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What Is a Mortgage REIT?

Mortgage REITs offer investors a shot at higher dividends, but they're not without risk.


[Updated: Feb 04, 2021] Oct 21, 2019 by Millionacres Staff
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There are ways to make money in real estate without actually owning property. If you invest in a mortgage REIT, you could profit from the mortgages and mortgage-backed securities that finance real estate. Most REITs, or real estate investment trusts, are what's known as equity REITs, which invest in commercial property and use it to generate income. Mortgage REITs, meanwhile, provide real estate financing by originating mortgage loans and mortgage-backed securities with the goal of generating interest income.

Owners of mortgage REIT shares can profit tremendously from their high-paying dividends, which is why many investors choose to get in the game.

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How mortgage REITS work

Mortgage REITs provide financing for real estate by buying or originating mortgages and mortgage-backed securities, and then earning income from the interest on these investments. Some mortgage REITs focus on residential mortgages and mortgage-backed securities, while others focus on commercial mortgages and mortgage-backed securities. There are also mortgage REITs that hold both residential and commercial mortgages. When you invest in a mortgage REIT, you buy shares of that REIT, just as you'd purchase shares of a company's stock.

Mortgage REITs versus equity REITs

While mortgage REITs invest in and own mortgages, equity REITs acquire properties for the purpose of operating them to generate rental income. Mortgage REITs and equity REITs are similar in that both are required to distribute at least 90% of their income to shareholders, rather than retain that income for growth. Equity REITs are far more common than mortgage REITs, though mortgage REITs frequently offer higher dividend yields than equity REITs.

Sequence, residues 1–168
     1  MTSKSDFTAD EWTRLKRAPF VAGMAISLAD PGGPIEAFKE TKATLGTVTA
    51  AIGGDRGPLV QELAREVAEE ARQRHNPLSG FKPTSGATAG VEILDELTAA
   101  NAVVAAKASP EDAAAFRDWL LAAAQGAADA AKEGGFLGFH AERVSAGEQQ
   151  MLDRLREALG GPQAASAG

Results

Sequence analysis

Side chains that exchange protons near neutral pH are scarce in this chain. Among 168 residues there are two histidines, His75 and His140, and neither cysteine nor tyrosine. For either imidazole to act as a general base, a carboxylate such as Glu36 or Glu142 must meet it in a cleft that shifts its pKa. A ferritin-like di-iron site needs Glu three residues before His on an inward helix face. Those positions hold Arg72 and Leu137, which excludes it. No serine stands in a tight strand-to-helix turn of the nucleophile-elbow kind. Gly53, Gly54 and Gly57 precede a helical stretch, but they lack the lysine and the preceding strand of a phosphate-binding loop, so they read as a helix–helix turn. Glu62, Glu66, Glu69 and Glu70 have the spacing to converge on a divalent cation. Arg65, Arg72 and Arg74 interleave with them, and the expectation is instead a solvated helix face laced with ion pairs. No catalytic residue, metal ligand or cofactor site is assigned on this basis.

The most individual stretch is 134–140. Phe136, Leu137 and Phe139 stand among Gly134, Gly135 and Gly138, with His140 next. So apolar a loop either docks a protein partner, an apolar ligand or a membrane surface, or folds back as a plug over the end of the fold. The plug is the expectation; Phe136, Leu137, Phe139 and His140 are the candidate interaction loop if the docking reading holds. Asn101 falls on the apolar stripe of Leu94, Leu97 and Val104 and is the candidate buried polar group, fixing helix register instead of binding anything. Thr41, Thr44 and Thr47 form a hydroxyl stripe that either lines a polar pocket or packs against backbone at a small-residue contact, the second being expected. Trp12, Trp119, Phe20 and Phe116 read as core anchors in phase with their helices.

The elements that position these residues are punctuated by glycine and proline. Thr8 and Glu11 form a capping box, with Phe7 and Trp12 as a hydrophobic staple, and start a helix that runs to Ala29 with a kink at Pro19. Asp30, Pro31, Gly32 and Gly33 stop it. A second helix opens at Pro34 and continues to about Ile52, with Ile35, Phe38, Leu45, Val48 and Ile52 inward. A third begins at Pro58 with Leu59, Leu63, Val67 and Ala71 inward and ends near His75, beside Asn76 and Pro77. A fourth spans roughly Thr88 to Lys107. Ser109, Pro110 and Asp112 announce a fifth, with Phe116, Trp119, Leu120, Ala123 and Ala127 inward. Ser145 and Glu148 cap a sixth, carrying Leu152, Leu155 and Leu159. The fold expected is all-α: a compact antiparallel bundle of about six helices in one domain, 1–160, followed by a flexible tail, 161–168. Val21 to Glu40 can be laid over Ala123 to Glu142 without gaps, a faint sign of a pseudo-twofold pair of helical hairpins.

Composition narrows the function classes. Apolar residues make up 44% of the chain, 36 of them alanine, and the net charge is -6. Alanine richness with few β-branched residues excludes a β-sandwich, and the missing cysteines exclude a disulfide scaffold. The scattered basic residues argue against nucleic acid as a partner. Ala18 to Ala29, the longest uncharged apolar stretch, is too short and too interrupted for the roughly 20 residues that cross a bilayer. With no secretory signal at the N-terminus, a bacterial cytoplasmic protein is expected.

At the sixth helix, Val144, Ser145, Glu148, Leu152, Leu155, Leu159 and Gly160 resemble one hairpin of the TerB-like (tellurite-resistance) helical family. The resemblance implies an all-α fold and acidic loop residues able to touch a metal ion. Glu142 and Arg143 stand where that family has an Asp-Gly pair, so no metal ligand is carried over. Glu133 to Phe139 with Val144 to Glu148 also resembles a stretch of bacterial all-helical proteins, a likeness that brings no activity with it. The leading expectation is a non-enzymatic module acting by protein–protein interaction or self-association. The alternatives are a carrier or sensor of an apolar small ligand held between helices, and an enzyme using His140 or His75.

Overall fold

Benefits of investing in mortgage REITs

Mortgage REITs allow investors to diversify by making real estate investments without taking on the risk of owning actual property. Furthermore, because the IRS requires all REITs to distribute at least 90% of their income to investors, shareholders stand to make money in the form of dividends, whether they realize capital gains or not.

Drawbacks of investing in mortgage REITs

To be profitable, mortgage REITs must be able to prepare for and withstand changes in short-term and long-term interest rates. When interest rates rise, a mortgage REIT's holdings lose value, and the share price tends to drop. On the flip side, REITs can also lose value when interest rates fall and more mortgages are prepaid, thus limiting the amount of interest income REITs can generate. Some mortgage REITs may be exposed to higher credit risk if they purchase mortgages that aren't guaranteed by a federal agency. If those mortgages go into default, the REITs that hold them stand to lose money.

While investing in mortgage REITs can be rewarding, it's also risky. That said, publicly traded mortgage REITs are a far more liquid investment than actual property. If you're itching to get a piece of the real estate market without having to own property yourself, then you might consider adding a mortgage REIT to your investment portfolio.

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